Agriculture in the Pacific is undertaken in a diverse range of environments and landscapes that host a high level of biodiversity. Traditional farming and fishing practices, many based on a mixture of agriculture and forestry, acted to protect and enhance biodiversity as a basis for stimulating the overall performance of a farm or marine environment, ensuring sustainable food security and livelihoods. These practices also protected less tangible intrinsic values, reflecting the intimate relationship between people, land and sea.
The Pacific however is facing a number of region-wide challenges, including the effects of climate change, degradation of ecosystems due to unsustainable use of both land and marine resources, and the need to generate livelihoods to maintain populations in the islands. Increased consumption of imported, highly refined foods, accompanied by decreased local food production and consumption, is also having serious effects on the health of island populations.
In the Pacific region, organic production is both traditional and new. It is traditional in the sense that the majority of producers to this day use tried and tested practices handed down from generation to generation that are generally in harmony with the environment and with modern organic principles. And it is new in that Pacific countries and territories are starting to understand the benefits of certification for obtaining access to external markets, negotiating fairer trading partnerships, and the need for research and training to develop the sector and generate much needed livelihoods for their people.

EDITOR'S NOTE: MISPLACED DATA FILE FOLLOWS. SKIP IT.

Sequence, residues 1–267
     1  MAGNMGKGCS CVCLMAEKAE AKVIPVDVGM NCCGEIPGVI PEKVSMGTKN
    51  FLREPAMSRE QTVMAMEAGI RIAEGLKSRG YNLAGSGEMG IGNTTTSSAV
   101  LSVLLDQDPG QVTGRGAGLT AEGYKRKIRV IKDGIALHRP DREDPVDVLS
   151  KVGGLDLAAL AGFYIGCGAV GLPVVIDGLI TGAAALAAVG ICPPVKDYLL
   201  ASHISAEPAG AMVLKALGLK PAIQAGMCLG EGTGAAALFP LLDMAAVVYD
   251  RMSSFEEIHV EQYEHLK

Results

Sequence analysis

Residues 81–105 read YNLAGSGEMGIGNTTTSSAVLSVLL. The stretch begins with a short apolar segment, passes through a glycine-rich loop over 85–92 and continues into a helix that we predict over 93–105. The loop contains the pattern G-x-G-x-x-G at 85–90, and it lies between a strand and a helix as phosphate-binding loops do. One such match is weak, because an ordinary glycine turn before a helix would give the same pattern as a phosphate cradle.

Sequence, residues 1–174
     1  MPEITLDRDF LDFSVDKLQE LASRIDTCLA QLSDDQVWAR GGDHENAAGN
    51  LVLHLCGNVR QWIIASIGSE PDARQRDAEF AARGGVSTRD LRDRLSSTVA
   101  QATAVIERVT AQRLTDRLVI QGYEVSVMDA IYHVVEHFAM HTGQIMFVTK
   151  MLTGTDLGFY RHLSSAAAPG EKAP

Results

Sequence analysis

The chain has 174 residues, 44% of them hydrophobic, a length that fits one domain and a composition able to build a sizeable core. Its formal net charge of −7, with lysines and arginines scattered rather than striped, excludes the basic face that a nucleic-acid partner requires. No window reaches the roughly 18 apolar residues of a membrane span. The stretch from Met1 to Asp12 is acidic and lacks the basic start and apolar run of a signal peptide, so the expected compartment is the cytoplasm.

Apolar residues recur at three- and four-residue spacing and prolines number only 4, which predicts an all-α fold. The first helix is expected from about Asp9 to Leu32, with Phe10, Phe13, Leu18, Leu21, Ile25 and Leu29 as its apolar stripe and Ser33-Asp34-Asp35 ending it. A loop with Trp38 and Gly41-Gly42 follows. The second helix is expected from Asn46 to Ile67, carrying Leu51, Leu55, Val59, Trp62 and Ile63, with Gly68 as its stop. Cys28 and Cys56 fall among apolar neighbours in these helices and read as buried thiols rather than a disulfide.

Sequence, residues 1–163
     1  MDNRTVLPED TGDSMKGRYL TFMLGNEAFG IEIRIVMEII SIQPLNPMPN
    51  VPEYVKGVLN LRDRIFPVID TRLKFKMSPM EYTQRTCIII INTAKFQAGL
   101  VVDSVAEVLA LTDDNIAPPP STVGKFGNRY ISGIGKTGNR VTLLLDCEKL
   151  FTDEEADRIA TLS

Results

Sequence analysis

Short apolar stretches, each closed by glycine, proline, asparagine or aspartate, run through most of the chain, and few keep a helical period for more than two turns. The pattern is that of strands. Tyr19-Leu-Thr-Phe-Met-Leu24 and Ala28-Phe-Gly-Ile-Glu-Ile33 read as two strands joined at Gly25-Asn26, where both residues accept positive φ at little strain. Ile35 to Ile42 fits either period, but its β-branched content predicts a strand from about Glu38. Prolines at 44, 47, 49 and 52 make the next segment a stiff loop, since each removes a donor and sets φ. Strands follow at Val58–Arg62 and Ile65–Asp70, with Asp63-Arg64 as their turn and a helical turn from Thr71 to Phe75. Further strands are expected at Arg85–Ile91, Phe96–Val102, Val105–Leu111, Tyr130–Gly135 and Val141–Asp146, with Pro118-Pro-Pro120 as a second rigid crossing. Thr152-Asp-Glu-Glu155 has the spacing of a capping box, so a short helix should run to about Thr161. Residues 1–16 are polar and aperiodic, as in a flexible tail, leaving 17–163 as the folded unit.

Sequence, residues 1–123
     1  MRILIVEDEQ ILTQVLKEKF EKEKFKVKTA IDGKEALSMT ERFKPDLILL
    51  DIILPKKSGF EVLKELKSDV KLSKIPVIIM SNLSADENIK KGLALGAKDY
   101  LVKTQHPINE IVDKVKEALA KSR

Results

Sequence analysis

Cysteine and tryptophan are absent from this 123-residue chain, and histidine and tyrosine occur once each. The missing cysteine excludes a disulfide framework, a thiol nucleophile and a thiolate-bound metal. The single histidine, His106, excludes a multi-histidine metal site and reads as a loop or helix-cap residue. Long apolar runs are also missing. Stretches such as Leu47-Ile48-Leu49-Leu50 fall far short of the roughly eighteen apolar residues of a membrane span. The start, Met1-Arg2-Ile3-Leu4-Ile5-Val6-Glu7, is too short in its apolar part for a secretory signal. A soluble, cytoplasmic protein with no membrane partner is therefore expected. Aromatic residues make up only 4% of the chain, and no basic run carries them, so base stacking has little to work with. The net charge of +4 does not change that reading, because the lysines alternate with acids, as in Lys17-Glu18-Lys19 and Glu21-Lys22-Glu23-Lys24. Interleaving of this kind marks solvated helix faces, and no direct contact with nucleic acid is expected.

The Pacific Organc & Ethical Trade Community or "POETCom" arose from the belief that our traditional organic farming practices when strengthened, coordinated and shared will meet the changing needs of our region and peoples and carry us forward into the future.
Our vision is that"Pacific Organics & Ethical Trade – the key contributor to sustaining our cultures and communities, improving farmer livelihoods, peoples health and the environment in the Pacific”